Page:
A series of public conversations exploring what the law can and should do about the problem of lies and deception in the contemporary mass public sphere
Concern over the role that lies and deception of all kinds play in public life in the United States has reached new heights in the last few years. Lies, half-truths, and conspiracy theories zip around the social media platforms, while fact-checking and other efforts to minimize their spread appear to rarely dent their power. What some describe as an epistemic crisis of truth has prompted calls from many quarters for the social media platforms, and perhaps also the government, to take stronger action to curb harmful lies about the outcome of the presidential election, the efficacy of coronavirus vaccines, and the seriousness of COVID-19, among other matters.
The pervasiveness of lies and misinformation in public discourse in the United States, and the political and cultural power that this kind of speech can possess raise all sorts of questions about the health of U.S. democracy, about the limits of human reason, and about the role that shared beliefs play in the creation of collective identity. But it also raises important questions about the meaning of freedom of speech. One of the foundational assumptions of modern First Amendment law is that the best remedy for harmful speech—including harmfully false or misleading speech—is more speech. Does this assumption hold, given our contemporary, fragmented, highly polarized mass public sphere? And if it doesn’t, what can we do about it? More precisely, what can the law do about it? Are there cures here that would not be worse than the disease?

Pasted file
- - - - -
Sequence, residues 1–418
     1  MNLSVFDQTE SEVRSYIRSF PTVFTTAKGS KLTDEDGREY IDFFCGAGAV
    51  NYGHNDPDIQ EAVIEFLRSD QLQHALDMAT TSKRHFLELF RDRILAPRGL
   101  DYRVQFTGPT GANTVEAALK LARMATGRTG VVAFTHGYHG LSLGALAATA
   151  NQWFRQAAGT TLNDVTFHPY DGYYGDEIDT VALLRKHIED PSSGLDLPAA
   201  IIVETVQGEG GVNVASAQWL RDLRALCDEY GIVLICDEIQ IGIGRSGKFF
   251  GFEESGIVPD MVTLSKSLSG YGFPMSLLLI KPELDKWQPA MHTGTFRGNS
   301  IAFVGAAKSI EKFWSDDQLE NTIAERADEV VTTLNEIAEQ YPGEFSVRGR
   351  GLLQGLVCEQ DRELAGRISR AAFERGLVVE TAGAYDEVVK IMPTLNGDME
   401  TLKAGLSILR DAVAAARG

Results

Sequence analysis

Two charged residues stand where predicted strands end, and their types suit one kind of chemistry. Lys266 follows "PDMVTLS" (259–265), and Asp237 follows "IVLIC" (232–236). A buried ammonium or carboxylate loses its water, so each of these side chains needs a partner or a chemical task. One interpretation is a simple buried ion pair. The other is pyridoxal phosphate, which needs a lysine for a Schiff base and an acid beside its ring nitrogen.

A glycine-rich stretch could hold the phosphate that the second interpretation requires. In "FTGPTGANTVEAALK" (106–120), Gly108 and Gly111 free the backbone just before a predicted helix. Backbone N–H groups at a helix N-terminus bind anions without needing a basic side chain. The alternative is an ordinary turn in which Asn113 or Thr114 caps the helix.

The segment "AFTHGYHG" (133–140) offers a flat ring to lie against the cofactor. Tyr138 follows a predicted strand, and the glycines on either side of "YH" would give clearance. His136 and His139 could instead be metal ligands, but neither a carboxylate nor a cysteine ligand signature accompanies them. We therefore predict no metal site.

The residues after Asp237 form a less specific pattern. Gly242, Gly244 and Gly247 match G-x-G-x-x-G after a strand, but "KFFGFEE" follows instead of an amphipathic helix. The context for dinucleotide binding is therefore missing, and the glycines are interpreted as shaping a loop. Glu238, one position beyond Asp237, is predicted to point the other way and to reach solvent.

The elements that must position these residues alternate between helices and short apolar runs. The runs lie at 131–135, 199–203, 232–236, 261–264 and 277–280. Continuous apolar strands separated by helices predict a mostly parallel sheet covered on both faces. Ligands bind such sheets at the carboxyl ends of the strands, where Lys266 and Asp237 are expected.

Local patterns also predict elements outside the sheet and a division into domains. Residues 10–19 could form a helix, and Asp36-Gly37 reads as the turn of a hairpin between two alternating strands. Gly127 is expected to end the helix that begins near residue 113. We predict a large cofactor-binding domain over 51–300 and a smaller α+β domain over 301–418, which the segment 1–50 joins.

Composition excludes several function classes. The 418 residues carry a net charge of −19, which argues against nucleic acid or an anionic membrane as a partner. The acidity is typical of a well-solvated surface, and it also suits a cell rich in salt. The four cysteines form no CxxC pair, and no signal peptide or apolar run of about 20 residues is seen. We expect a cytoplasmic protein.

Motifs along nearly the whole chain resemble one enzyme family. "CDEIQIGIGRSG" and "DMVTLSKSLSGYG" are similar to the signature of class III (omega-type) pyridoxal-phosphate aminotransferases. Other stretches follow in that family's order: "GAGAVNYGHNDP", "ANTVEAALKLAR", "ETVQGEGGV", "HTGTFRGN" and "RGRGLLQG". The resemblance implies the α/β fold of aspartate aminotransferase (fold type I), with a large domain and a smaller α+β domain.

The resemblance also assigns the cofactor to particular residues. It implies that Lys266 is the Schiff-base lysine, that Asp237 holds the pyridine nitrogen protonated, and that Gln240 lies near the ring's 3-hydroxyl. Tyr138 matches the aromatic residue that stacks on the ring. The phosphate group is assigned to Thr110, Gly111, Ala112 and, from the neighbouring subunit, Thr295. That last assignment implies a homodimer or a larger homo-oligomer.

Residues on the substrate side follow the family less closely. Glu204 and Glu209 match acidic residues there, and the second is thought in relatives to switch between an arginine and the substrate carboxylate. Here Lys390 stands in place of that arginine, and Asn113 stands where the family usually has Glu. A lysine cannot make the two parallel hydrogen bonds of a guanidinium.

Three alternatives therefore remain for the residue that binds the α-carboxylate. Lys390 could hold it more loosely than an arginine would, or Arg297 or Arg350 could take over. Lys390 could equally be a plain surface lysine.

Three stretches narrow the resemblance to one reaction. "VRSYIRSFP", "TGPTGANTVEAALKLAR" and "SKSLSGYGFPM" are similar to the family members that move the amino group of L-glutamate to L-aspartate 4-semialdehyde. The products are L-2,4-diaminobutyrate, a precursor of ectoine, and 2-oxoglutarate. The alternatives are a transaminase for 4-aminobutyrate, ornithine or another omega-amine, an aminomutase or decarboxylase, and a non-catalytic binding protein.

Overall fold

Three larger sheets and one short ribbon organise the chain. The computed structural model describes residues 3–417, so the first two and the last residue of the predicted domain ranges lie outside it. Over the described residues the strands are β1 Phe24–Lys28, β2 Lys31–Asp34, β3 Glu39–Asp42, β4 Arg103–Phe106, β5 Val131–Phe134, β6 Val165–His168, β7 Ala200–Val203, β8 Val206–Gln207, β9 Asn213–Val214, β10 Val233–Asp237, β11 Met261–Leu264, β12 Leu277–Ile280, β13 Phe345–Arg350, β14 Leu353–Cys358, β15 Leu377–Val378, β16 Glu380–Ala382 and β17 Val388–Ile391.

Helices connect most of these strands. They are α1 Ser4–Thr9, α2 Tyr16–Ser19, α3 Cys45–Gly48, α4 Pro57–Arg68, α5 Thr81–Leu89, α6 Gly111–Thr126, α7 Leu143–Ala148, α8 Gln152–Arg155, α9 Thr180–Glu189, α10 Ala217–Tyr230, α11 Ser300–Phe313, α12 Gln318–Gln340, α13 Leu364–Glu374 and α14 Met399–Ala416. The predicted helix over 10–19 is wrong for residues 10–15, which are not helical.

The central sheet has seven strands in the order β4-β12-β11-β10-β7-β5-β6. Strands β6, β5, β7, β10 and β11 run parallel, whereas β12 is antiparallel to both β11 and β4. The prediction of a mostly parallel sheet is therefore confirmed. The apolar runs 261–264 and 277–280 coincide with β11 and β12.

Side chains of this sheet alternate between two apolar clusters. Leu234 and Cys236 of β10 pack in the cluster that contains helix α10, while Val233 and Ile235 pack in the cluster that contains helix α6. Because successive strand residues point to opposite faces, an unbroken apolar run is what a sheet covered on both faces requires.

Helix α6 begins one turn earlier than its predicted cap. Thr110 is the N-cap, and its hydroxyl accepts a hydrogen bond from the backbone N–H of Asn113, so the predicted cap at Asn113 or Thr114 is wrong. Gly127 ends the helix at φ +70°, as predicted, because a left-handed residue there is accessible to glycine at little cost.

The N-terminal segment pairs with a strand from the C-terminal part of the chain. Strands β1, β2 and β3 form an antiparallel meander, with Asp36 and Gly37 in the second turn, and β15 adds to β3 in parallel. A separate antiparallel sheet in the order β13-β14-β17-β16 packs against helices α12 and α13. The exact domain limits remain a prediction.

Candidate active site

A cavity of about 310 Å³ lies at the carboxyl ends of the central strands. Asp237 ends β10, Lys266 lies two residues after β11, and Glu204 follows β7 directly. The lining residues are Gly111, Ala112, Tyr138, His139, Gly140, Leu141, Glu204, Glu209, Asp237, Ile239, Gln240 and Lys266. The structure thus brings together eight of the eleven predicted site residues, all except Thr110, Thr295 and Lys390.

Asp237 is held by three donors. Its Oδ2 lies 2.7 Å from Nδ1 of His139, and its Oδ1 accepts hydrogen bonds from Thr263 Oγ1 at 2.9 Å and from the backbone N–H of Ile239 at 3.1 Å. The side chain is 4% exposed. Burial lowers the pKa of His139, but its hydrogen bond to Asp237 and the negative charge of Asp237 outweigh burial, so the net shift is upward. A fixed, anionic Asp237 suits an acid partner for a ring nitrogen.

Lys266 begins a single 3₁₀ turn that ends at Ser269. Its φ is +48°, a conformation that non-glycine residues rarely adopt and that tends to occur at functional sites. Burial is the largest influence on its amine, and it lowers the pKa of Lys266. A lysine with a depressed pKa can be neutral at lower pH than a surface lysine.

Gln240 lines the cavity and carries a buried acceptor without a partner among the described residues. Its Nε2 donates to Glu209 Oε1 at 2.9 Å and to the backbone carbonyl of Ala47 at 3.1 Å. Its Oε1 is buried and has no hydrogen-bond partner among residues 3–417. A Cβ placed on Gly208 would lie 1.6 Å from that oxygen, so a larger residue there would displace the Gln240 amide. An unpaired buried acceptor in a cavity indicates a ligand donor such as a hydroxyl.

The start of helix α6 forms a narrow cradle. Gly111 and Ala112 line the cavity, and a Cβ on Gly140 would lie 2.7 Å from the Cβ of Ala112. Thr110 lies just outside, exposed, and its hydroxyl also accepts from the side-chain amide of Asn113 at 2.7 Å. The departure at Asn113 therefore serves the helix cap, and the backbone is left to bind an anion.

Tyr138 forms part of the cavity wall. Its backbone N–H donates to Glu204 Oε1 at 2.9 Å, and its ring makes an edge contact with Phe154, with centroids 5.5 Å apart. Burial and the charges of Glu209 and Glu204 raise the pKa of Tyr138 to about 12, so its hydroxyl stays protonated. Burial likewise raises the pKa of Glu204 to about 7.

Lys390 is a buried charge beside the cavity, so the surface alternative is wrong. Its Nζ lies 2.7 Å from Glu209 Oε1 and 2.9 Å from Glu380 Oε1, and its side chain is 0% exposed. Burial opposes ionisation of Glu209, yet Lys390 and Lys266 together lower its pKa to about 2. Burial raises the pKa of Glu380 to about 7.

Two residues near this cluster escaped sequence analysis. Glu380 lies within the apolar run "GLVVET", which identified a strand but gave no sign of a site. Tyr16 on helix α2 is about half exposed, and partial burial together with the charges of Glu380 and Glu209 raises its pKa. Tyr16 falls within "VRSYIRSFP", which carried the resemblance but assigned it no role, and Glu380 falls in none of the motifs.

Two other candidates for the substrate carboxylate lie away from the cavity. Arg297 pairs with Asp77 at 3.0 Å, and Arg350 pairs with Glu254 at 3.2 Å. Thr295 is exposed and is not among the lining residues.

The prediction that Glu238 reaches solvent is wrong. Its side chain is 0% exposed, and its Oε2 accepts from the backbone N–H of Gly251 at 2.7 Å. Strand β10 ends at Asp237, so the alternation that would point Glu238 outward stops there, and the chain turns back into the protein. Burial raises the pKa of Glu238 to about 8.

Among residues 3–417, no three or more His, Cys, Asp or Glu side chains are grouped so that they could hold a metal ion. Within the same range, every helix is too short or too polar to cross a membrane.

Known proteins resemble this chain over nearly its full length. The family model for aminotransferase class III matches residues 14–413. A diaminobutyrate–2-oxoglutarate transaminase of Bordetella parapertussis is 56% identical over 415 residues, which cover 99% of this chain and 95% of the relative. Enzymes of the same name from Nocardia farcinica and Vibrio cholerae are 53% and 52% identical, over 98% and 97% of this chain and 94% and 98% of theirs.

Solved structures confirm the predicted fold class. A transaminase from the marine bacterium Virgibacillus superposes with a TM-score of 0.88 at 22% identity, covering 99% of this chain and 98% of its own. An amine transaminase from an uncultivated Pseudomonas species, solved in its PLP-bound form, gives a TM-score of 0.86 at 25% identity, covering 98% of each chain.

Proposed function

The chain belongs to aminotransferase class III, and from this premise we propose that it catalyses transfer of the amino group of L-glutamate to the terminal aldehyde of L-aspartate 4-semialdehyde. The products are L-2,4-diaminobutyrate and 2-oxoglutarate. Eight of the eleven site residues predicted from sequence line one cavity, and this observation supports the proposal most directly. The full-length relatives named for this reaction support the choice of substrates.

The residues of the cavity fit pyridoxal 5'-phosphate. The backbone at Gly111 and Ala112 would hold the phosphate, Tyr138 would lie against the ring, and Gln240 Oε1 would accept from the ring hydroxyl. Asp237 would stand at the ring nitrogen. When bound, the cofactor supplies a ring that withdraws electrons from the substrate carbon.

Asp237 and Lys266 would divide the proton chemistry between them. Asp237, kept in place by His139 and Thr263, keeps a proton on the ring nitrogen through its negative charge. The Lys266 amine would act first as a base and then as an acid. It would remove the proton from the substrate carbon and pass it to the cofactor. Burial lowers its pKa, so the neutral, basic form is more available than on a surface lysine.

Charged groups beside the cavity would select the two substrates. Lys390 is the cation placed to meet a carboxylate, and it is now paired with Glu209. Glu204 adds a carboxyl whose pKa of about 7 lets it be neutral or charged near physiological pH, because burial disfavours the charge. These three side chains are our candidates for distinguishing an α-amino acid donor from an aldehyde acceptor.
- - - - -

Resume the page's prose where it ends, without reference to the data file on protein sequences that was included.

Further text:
These are the questions that the Knight Institute will be examining through 2022. Under the direction of Senior Visiting Research Scholar Genevieve Lakier, the Institute will host a series of public conversations, both in-person and virtual, to explore what the law can and should do about the problem of lies and deception in the contemporary mass public sphere. The programs will bring together scholars from a variety of disciplines, journalists, and others to explore the legal problem of lies and deception from a variety of perspectives and in a variety of contexts. Read the Lies and the Law blog.
Wednesday, October 13, 2021, 1-2:30 PM EDT
Friday, September 24, 2021, 1-2:30 PM EDT